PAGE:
Legislation in each state
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One of the most powerful ways you can help dogs on puppy factories is to write to your local MP and let them know you won't tolerate this type of cruelty.
Each state in Australia has their own legislation in regards to puppy factories. Some states have passed progressive legislation but other states have done very little to protect the welfare of dogs. What is needed is national consistency. Read what each state is doing, and then send your local MP an email.
- Puppy factories and the sale of animals in pet shops remains legal.
- Queensland has implemented a Breeder ID system and since May 2017 anyone who advertises a puppy for sale must display their 'Breeder ID number' including in all online ads.
- There are no caps on dog numbers allowed to be kept on QLD puppy factories.
- There are no litter limits and breeding dogs can legally be bred from their first season 6-9 months (as long as they are 'physically mature, fit, healthy') until they cannot physically produce any more puppies.
- Cruel back-to-back breeding allowed.
- Legal to kill dogs that are no longer required by the puppy farmer.
- Anyone in charge of the dogs at the puppy factory can kill dogs no longer required by any means as long as its 'humane'. There is no requirement for a vet to be called.
- No time requirements for exercise, socialisation or enrichment as long as its 'once a day'.
- Soft bedding is not a requirement.
New South Wales
- Puppy factories remain legal as does the sale of animals in pet shops.
- Code of Practice isn't linked to any legislation that triggers its use, therefore puppy factories can operate without any inspections for many years, some have never been inspected. The industry in NSW is mainly self regulated.
- There are no caps on dog numbers, and no caps on litter limits.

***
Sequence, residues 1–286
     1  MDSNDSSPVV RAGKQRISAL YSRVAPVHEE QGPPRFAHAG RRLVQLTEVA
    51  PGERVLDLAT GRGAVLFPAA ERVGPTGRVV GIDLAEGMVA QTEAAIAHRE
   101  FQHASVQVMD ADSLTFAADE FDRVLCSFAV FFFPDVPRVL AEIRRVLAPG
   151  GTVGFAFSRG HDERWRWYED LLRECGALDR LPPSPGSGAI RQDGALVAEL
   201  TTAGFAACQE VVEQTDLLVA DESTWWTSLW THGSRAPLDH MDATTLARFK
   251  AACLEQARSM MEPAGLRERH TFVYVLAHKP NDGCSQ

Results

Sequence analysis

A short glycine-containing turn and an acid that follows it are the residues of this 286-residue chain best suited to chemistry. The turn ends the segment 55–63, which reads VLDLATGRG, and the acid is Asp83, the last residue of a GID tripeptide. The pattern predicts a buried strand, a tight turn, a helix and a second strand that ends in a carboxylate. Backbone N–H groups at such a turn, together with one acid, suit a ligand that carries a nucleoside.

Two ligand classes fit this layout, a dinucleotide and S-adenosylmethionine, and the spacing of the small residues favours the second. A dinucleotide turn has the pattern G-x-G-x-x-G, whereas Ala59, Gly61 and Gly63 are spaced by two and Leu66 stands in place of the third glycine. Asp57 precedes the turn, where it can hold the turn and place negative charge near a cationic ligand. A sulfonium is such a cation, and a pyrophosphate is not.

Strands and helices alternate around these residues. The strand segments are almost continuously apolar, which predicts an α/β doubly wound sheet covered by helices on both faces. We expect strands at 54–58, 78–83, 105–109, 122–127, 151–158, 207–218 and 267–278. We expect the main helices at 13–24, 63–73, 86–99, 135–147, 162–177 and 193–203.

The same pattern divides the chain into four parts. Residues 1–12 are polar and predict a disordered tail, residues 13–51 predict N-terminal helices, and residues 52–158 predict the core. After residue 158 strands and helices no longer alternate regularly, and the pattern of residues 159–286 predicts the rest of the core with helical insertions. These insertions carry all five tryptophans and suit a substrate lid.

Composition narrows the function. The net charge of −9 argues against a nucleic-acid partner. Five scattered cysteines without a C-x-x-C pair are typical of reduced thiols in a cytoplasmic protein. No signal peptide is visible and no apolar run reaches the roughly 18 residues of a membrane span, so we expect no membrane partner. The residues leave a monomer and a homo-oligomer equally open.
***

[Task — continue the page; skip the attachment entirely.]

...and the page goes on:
- The first state in Australia to ban the sale of animals in pet shops unless they are from a registered shelter, rescue group or pound. This law comes into effect on 1 July 2018.
- The first state in Australia to introduce a cap on dog numbers and a limit on how many litters a dog can have. From April 2018 puppy farmers must not replace breeding stock and must start to phase down to 10 females by 2020.
- First state in Australia to legislate a mandatory vet health check for every dog prior to breeding and post whelping.
- Implemented a public searchable online Pet Exchange Register. Anyone who wants to sell a companion animal must register their details and their 'breeder ID' number must be placed in all online adds. No breeder ID = no ad can be placed.
- Penalties apply to any online trading site who allows ads to be published without a pet exchange register number. The Pet Exchange Register commences 1 July 2019.
- Introduced a Code of Practice in 2017.
- The code has many loopholes, including allowing a puppy farmer to kill their breeding dogs by any means except drowning and as long as it "causes death or unconsciousness as rapidly as possible".
- The code also allows breeding dogs to be confined for 23 hours 30 minutes daily.
- Allows for the sale of animals in pet shops.
- Introduced mandatory desexing of all pups and kittens born after July 2018 (exemptions apply for registered breeders and working dogs).
- Puppy factories and the sale of animals in pet shops remain legal.
- The current Labor Government are drafting legislation that if passed will ban the sale of animals in pet shops, and will be similar to the Victorian legislation.
- The public discussion paper was launched 3 May 2018 and we encourage everyone to read this and provide feedback to the WA state Government.
- Puppy factories are legal.
- The sale of animals in pet shops is legal.
- There is no cap on the numbers of dogs kept on puppy factories.
- The legislation states that puppy farmers must have a specific area on the property where they can take the dogs to be killed.
- Dogs cannot be killed in front of other dogs or other people unless the person killing the dog agrees to allow people present.
- Introduced a Code of Practice and a 'breeders licence' system in 2015.
- Sale of animals in pet shops still allowed within the ACT.